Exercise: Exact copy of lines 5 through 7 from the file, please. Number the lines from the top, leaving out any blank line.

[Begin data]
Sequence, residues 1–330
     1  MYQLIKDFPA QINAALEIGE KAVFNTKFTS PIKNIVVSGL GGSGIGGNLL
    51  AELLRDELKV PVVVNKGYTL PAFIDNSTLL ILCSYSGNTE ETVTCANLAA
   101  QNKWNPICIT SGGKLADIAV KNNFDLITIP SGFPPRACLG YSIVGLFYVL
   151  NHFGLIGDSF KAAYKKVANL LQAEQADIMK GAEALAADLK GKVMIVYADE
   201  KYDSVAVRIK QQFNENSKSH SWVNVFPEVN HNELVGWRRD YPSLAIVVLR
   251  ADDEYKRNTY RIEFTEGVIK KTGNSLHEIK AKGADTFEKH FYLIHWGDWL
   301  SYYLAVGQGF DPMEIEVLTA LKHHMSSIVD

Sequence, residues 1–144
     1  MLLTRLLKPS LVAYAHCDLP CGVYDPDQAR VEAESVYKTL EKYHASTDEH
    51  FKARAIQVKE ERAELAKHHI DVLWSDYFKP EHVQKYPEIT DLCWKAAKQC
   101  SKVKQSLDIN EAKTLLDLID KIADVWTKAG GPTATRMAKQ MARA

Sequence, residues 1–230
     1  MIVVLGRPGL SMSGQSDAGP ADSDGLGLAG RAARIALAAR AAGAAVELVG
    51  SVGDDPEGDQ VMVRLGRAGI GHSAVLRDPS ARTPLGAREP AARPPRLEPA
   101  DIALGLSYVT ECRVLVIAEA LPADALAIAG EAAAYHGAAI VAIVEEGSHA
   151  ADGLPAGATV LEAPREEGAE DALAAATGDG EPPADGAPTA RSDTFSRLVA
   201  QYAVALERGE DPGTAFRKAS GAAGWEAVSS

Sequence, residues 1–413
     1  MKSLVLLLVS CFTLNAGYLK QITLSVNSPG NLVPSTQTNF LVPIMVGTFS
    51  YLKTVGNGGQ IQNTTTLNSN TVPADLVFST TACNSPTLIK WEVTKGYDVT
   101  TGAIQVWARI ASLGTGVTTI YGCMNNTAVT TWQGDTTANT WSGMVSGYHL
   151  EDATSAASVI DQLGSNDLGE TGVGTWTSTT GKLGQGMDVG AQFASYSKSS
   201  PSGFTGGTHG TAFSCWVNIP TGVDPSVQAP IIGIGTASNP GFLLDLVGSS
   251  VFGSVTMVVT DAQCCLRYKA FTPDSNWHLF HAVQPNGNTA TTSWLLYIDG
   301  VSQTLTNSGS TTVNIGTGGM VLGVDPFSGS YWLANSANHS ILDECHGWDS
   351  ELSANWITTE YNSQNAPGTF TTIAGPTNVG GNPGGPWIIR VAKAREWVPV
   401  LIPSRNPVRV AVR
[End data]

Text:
   151  NHFGLIGDSF KAAYKKVANL LQAEQADIMK GAEALAADLK GKVMIVYADE
   201  KYDSVAVRIK QQFNENSKSH SWVNVFPEVN HNELVGWRRD YPSLAIVVLR
   251  ADDEYKRNTY RIEFTEGVIK KTGNSLHEIK AKGADTFEKH FYLIHWGDWL